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Churches burnt during latest unrest in Pakistan

18 August 2023


Christians stand inside the hall of a church in Jaranwala, near Faisalabad, on Thursday, left in ruins after an arson attack

Christians stand inside the hall of a church in Jaranwala, near Faisalabad, on Thursday, left in ruins after an arson attack

AN ALLEGATION of blasphemy against two Christians in Pakistan has sparked a wave of sectarian attacks on churches and Christian communities.

Violence broke out in Jaranwala, in the diocese of Faisalabad, after two men were accused of tearing pages from the Qur’an. The two men, reportedly brothers, have been charged with blasphemy — a charge that is punishable by death in Pakistan, although the death sentence has yet to be enforced.

The men were charged after torn pages of the sacred text with blasphemous content scribbled on them were allegedly found near a Christian community.

Riots broke out on Wednesday morning after reports of the allegation circulated on social media, and churches and clergy were attacked by a mob.

Videos circulating on social media show police standing by while protesters destroyed church buildings.

Yassir Bhatti, a 31-year-old Christian, was one of those who was forced to flee their homes. “They broke the windows, doors, and took out fridges, sofas, chairs and other household items to pile them up in front of the church to be burnt,” he told the AFP news agency. “They also burnt and desecrated Bibles. They were ruthless.”

More than 120 people have been arrested after the violence, the government of Pakistan says.

Eight churches, including a Roman Catholic church and a Presbyterian church, have been burned and clergy have been attacked. Women and children had to be evacuated from one largely Christian district around a Salvation Army church, which was razed. Crowds burned Bibles in the streets, the National Commission for Human Rights in Pakistan reported. It said on social media that the “situation is sad and shameful. Blasphemy laws have repeatedly been misused with impunity. Police must take strong and swift action against perpetrators of this violence.”

The Moderator of the Church of Pakistan, the Bishop of Raiwind, Dr Azad Marshall, wrote in a statement: “Words fail me as I write this. We, Bishops, Priests and lay people are deeply pained and distressed at the Jaranwala incident in the Faisalabad District in Pakistan. A church building is being burned as I type this message. Bibles have been desecrated and Christians have been tortured and harassed having been falsely accused of violating the Holy Qur’an.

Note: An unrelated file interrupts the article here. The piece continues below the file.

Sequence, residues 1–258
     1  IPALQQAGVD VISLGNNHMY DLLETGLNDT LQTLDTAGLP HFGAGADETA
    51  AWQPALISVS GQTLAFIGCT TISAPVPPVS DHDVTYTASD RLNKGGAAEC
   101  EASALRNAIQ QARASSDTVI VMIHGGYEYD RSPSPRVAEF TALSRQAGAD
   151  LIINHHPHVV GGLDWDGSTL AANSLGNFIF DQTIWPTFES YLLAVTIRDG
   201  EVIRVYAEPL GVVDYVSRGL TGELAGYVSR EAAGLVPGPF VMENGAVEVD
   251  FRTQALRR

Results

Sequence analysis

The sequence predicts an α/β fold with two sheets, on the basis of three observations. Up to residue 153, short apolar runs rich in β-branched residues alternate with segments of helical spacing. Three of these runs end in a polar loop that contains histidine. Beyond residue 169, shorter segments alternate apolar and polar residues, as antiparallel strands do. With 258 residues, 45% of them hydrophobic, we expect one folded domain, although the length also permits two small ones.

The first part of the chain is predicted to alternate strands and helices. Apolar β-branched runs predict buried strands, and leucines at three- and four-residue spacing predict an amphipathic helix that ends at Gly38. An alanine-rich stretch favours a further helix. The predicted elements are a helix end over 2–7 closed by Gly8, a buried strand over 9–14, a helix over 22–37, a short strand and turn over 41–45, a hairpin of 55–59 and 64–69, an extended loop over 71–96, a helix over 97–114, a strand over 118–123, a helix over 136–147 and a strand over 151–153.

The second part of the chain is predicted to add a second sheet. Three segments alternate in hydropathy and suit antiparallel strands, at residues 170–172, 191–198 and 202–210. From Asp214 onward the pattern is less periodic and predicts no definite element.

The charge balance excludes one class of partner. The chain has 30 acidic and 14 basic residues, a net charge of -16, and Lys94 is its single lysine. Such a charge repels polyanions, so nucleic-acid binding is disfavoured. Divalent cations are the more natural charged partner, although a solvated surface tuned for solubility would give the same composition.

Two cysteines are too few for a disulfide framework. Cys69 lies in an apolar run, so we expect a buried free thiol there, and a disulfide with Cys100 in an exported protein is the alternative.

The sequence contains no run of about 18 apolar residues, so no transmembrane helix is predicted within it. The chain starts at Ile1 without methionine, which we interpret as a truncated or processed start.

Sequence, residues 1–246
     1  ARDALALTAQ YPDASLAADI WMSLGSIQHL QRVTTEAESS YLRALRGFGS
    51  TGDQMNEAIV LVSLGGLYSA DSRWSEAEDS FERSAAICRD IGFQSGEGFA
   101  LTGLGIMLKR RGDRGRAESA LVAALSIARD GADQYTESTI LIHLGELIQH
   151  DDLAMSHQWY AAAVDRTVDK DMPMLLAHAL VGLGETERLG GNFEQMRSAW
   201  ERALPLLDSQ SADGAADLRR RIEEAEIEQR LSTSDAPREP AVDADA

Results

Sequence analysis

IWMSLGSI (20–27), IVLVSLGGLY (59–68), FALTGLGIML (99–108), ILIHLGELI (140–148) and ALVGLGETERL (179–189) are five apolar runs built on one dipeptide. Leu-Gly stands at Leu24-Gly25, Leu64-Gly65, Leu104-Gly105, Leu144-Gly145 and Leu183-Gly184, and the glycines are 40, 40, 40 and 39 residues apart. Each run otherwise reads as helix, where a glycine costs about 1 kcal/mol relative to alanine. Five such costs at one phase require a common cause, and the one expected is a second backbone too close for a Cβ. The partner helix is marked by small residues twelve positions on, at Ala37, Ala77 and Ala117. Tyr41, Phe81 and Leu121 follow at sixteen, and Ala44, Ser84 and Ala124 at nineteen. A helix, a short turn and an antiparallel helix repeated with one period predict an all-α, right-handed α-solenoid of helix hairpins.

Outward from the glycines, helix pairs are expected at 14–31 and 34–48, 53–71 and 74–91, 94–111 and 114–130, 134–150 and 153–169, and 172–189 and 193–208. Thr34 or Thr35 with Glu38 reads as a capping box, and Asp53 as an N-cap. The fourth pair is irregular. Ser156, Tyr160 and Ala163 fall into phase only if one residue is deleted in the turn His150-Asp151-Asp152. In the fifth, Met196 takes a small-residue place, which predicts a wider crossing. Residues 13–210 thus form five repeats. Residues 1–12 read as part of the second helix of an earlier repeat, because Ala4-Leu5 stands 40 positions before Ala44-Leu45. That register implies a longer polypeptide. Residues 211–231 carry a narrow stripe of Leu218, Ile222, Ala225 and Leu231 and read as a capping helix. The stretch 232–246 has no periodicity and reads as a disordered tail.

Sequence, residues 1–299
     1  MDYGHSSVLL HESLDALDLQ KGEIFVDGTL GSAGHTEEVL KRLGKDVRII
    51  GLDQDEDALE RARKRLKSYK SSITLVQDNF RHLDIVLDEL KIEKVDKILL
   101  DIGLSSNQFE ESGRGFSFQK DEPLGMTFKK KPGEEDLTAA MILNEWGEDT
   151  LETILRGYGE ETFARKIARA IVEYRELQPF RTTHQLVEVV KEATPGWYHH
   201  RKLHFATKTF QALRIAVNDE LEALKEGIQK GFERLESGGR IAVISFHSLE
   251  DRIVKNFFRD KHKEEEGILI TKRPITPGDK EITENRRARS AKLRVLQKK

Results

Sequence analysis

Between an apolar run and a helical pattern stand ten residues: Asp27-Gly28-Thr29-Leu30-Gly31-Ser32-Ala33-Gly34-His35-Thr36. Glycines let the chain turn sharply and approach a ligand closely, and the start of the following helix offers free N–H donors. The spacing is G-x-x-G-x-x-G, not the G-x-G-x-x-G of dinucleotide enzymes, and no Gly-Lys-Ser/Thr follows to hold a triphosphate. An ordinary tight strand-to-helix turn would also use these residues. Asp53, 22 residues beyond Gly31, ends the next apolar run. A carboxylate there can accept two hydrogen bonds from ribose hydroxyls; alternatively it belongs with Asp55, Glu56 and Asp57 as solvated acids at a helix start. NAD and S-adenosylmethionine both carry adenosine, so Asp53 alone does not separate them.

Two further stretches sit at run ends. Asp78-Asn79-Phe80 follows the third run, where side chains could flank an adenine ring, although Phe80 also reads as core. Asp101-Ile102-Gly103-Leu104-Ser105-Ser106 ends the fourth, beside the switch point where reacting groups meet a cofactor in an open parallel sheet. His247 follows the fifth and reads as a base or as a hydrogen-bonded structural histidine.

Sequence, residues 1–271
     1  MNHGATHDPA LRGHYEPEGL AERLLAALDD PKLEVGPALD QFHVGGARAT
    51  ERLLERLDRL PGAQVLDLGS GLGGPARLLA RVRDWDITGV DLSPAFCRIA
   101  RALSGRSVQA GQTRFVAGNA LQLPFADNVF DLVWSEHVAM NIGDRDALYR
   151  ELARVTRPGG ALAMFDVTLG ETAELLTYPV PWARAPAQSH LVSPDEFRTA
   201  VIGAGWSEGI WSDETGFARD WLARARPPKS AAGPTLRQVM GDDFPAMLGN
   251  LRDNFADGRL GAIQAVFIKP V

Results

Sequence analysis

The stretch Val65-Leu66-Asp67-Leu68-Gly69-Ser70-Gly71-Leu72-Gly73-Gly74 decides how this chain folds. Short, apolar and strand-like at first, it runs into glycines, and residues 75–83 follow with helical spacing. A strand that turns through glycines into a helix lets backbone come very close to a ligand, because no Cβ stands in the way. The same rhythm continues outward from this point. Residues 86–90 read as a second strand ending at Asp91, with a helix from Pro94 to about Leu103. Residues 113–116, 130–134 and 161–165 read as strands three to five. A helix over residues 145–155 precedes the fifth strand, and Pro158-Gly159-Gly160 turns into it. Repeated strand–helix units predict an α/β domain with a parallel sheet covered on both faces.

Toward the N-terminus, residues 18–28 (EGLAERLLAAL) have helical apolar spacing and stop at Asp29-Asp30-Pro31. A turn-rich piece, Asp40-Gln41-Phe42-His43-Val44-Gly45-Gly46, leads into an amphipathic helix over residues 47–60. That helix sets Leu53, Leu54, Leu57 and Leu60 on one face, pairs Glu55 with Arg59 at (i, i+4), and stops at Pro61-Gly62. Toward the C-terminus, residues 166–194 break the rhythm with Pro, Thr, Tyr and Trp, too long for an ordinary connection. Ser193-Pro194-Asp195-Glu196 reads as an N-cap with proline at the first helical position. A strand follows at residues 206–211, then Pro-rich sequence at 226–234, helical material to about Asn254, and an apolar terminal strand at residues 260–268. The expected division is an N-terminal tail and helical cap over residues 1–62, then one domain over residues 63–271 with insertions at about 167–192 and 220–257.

“We cry out for justice and action from law enforcement and those who dispense justice and the safety of all citizens to intervene immediately and assure us that our lives are valuable in our own homeland that has just celebrated independence and freedom.”

The secretary-general of the Anglican Communion, the Rt Revd Anthony Poggo, said that he was “deeply saddened and shocked” to hear of the attacks. “I have been in contact with Bishop Azad and join him in calling for justice and action from law enforcement. Christians and other religious communities are being unjustly persecuted as a result of Pakistan’s blasphemy laws.”

Pakistan’s caretaker Prime Minister, Anwar ul-Haq Kakar, promised that “stern action would be taken against those who violate law and target miniorities”.

A statement from the diocese of Blackburn, which has many links to Pakistan, said that those in the diocese were “deeply troubled by the news of violence”. It continued: “We are glad to see that the Prime Minister of Pakistan has called for swift action against those responsible and we pray for all impacted by the violence, as well as the clergy and lay leaders of the churches who serve them.”

A vigil would be held in St James’s, Blackburn, on at 4 p. m. on Sunday (20 August), the statement said, and livestreamed on Facebook. “A retiring offering will be taken up to support Christian families facing persecution in the area.” 

Christians make up just two per cent of the population of Pakistan. Allegations of blasphemy frequently trigger violence and have led to multiple deaths, including the assassination, in 2011, of the Minister for Religious Minorities, Shahbaz Bhatti, who supported Asia Bibi, a Christian accused of blasphemy (News, 4 March 2011). Mrs Bibi was eventually freed after ten years on death row (News, 2 November 2018). Earlier this month, a teacher was killed after being accused of blaspheming during a lecture.

The Centre for Social Justice, an independent organisation that defends minority rights, reports that, since 1987, more than 2000 people have been formally accused of blasphemy in Pakistan, and at least 88 have been killed as a result of these allegations.

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